Saturday, September 18, 2010

Holy War

Quote from the Holy Qur'an:

"Fight in the cause of Allah those who fight you, but do not transgress limits; for Allah loveth not transgressors."
Al-Baqara 190

Quote from the Holy Bible

After the death of Joshua, the Israelites asked the LORD, "Who will be the first to go up and fight for us against the Canaanites?"
The LORD answered, "Judah is to go; I have given the land into their hands."
Judges 1:1-2

In the middle of what many would consider a Holy War, it is quite dangerous to even approach this subject. So many of us have invested in one side or another. Death to America! Kill the Taliban! Each side has its own standard for violence. A military organization must operate as to not completely obliterate its countries international image while at the same time defending the people residing within its borders. They are motivated by defense of country and protection of the ideas for which it stands. The terrorist organization is has no regard for image and cares deeply for the message and ideas that for which it stands. They are motivated by defense of country and protection of the ideas for which it stands. Even if they country they stand for has not yet come to be.

In these two passages we see violence that is permitted by the Creator. Each author presents their side of the story when it come to just war. In the past for the people of Israel it was just because the land belonged to them. Whenever somebody entered the land of their fathers they had a "divine" right to kill all of those occupying the area, including on some occasions women and children. Permission is given to the Muslim to attack only if they are first attacked, specifically attacked because of their beliefs as it is mentioned elsewhere. The odd thing is that in their just war passage there is a limit set down, not to transgress what is acceptable.

In my honest opinion from what I have read in both books, at this point my money on the "correct" mode of operating a religiously motivated conflict would lie with the writers of the Qur'an not the Bible. Mainly because Christians spend so much time attempting to explain away or integrate the stories of the Old Testament into the loving message of the New Testament. The issue has been been dealt with almost perpetually and is always detrimental to the faith of the critical follower, because it makes no sense. This is coming from a Bible scholar. It would make much more sense just to say that these passages in the Bible are obviously ethnocentric and provide a "divine" defense for the actions contained therein.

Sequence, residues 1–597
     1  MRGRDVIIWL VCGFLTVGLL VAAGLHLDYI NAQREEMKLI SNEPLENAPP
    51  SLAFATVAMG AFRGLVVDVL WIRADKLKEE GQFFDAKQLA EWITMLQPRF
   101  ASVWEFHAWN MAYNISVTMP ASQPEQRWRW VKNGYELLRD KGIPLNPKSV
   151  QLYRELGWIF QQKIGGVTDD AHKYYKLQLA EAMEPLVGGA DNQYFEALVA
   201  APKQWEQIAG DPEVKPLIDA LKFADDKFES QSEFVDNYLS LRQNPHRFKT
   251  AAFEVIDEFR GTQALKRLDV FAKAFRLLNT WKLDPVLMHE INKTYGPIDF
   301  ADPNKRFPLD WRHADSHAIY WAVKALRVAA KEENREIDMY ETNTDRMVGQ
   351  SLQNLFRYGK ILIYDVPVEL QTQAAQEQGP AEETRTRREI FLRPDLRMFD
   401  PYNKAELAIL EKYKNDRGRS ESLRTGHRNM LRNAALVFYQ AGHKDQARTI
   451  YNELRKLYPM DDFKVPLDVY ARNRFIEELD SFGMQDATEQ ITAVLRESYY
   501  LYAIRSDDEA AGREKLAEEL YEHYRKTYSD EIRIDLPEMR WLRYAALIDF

However, this view of the Bible is considered heretical. In fact by my suggesting it I am certainly risking my employment, or at very least will be requested not to share my personal belief. This is where holding a hard line on belief becomes an issue. In the american church there is a witch hunt for people like myself. Those who would seek a more moderate view of the messages contained in the Bible or perhaps use a different interpretive method, like allegory the favorite of Church father Origen. It is acceptable to love him and his writing but not to read the Bible the same way as he, even when it makes much more sense at times.

As for my saying that the Qur'an makes more sense, I am certain there are many objections. I believe it makes more sense because it is far more honest that the command contained in Judges. It allows for conflict where normal human conflict occurs. Along with this allowance it places limits upon it. Limits that assume the natural moral boundaries of humanity. The only need to kill the enemy is if they are killing you. There are latter commands to kill those you capture but nowhere does it speak of murdering children or women. Textually it is the better command, the more moral. There is even condemnation for those who operate outside of the law set forth. How it is executed and interpreted is obviously in stark contrast to the original words, but if words are incorrectly interpreted do is the blame on the speaker or listener. If someone in your life hears you speak ill of another person and then decides to hit them with a car in your honor does the fault lay on you or your friend?

It is obvious that both of these books have followers that act out of misinterpretation. First, it is the Christian that decides to detonate an abortion clinic or protest military funerals. Then, it is a Muslim detonating themselves inside of a gas station or public venue. Or, it could be both groups viciously waring with each other for hundreds of years. Throughout history the anyone who has started holy war has truly been outside of the will of their particular book, relying more on their feelings and interpretation that what is written. Warfare is a nasty thing, it is a shame that either of these holy books make personal exceptions for their followers, and that those followers believe that there is not mistake in their book. However it is clear to me now, both the Bible and Qur'an explain how we ought not act, as well as how we ought to act.


1 comment:

  1. Wow. I remember reading that passage in the Qur'an but I never really thought about it in comparison to the biblical accounts regarding violence. I thought your conclusion was right on the money. We should avoid violence perhaps at all costs, but if we're going to evaluate these texts with the mindset that violence is sometimes necessary, then you're right the Qur'an does seem to take a more balanced approach. Way to write with conviction.

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